It's a very bonnie spot in the months of June or May; The scenery there is charming and fascinating to see,
  • 27.  
    Ye sons of Mars, come list to me,
    And I will relate to ye A great and heroic naval fight,
  • 28.  
    'Twas at the Seige of Matagarda, during the Peninsular War,
    That a Mrs Reston for courage outshone any man there by far; She was the wife of a Scottish soldier in Matagarda Port,
  • 29.  
    Near by the silent waters of the Mediterranean,
    And at the door of an old hut stood a coloured man, Whose dress was oriental in style and poor with wear,
  • 30.  
    As I stood upon the sandy beach
    One morn near Pentland Ferry, I saw a beautiful brigantine,
  • 31.  
    Annie Marshall was a foundling, and lived in Downderry,
    And was trained up by a coast-guardsman, kind-hearted and merry And he loved Annie Marshall as dear as his life,
  • 32.  
    Beautiful Railway Bridge of the Silvery Tay!
    With your numerous arches and pillars in so grand array And your central girders, which seem to the eye
  • 33.  
    God prosper long our noble Queen,
    And long may she reign! Maclean he tried to shoot her,
  • 34.  
    'Twas in the year of 1874, and on New Year's Day,
    The British Army landed at Elmina without dismay, And numbering in all, 1400 bayonets strong,
  • 35.  
    As I stood upon London Bridge and viewed the mighty throng
    Of thousands of people in cabs and 'busses rapidly whirling along, All furiously driving to and fro,
  • 36.  
    Thrice welcome home to Hawick, Mr J. Graham Henderson,
    For by your Scotch tweeds a great honour you have won; By exhibiting your beautiful tweeds at the World's Fair
  • 37.  
    Ye Sons of Great Britain! come join with me
    And King in praise of the gallant British Armie, That behaved right manfully in the Soudan,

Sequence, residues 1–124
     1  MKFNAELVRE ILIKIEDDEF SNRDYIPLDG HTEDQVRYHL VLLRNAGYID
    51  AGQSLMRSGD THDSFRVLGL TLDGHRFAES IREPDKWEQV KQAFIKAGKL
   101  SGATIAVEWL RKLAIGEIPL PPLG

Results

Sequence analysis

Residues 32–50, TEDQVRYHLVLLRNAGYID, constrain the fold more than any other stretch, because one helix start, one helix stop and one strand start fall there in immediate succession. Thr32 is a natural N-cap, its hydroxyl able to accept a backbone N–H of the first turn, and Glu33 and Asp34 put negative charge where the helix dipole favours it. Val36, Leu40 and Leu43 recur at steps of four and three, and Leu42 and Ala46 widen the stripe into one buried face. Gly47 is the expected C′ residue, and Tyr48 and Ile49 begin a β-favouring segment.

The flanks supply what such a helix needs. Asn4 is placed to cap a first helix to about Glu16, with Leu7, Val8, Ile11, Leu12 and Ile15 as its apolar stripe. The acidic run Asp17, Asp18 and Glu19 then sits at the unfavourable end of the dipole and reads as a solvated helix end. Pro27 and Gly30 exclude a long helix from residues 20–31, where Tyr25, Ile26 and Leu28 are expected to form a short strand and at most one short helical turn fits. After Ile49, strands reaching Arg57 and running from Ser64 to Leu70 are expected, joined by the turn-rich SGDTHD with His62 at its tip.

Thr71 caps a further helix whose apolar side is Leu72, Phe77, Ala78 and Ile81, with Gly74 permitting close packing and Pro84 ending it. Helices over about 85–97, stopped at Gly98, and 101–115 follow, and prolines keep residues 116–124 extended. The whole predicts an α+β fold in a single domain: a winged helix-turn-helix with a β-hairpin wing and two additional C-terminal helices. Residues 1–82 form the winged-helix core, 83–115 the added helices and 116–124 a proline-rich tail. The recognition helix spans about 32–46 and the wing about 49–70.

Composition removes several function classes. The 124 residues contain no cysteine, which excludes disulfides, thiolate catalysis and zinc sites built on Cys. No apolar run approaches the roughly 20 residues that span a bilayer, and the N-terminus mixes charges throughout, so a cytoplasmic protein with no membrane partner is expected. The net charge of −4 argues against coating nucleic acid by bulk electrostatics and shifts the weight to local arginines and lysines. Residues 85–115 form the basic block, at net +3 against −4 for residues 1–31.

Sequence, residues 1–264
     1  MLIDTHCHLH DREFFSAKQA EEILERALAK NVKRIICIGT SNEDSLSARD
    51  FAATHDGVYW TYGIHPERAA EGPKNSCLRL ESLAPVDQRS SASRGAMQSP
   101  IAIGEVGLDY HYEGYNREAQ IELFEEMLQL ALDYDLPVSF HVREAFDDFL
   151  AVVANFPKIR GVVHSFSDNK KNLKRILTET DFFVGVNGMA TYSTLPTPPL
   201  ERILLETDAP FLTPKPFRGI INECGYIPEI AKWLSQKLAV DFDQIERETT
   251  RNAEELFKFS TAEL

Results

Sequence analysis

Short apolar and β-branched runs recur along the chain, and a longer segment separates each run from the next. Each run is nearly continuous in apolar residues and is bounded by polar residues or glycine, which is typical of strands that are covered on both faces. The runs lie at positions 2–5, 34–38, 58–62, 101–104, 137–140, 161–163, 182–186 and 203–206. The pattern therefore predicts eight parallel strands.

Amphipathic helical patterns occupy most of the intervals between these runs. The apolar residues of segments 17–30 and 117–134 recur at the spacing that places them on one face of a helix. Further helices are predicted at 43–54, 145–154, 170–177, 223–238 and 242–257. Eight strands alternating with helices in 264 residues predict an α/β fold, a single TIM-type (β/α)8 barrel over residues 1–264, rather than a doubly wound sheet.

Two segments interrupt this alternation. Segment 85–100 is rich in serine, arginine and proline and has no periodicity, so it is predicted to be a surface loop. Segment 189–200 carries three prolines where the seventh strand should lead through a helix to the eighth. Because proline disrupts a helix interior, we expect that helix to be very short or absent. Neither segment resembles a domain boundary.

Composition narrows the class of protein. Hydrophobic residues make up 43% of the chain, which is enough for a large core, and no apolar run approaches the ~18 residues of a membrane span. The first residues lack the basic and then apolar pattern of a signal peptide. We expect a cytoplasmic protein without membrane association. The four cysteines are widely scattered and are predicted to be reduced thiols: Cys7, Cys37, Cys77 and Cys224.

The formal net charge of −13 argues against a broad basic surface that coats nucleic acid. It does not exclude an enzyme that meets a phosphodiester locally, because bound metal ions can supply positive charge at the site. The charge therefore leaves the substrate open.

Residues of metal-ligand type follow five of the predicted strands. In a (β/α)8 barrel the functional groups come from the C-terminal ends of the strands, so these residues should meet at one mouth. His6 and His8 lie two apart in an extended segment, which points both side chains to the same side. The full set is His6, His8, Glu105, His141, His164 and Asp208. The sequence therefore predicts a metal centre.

• 38.  
    As I stood upon the Dean Bridge and viewed the beautiful scenery,
    I felt fascinated and my heart was full of glee, And I exclaimed in an ecstasy of delight,
  • 39.  
    'Twas after the great Majuba fight:
    And the next morning, at daylight, Captain Macbean's men were ordered to headquarters camp,
  • 40.  
    'Twas in the year of 1897, and on the night of Christmas day,
    That ten persons' lives were taken sway, By a destructive fire in London, at No. 9 Dixie Street,
  • 41.  
    Ye mountains and glens of fair Scotland I'm with ye once again,
    During my absence from ye my heart was like to break in twain; Oh! How I longed to see you and the old folks at home,
  • 42.  
    Beautiful Loch Leven, near by Kinross
    For a good day's fishing the angler is seldom at a loss, For the Loch it abounds with pike and trout,
  • 43.  
    Beautiful Sun! with thy golden rays,
    To God, the wise Creator, be all praise; For thou nourisheth all the creation,
  • 44.  
    Chorus --
    Bonnie Helen, will you go to Callander with me
  • 45.  
    'Twas in the town of Sunderland, and in the year of 1883,
    That about 200 children were launch'd into eternity While witnessing an entertainment in Victoria Hall,
  • 46.  
    All ye lovers of the picturesque, away
    To beautiful Torquay and spend a holiday 'Tis health for invalids for to go there
  • 47.  
    'Twas in the year of 1650, and on the twenty-first of May,
    The city of Edinburgh was put into a state of dismay By the noise of drums and trumpets, which on the air arose,
  • 48.  
    Jack Honest was only eight years of age when his father died,
    And by the death of his father, Mrs Honest was sorely tried; And Jack was his father's only joy and pride,
  • 49.  
    In one of fhe States of America, some years ago,
    There suddenly came on a violent storm of snow, Which was nearly the death of a party of workmen,
  • 50.  
    Oh, Bonnie Dundee! I will sing in thy praise
    A few but true simple lays, Regarding some of your beauties of the present day
Total 204 poems written by William Topaz Mcgonagall

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To Daisies, Not To Shut So Soon
 by Robert Herrick

Shut not so soon; the dull-eyed night
Has not as yet begun
To make a seizure on the light,
Or to seal up the sun.

No marigolds yet closed are;
No shadows great appear;
Nor doth the early shepherds' star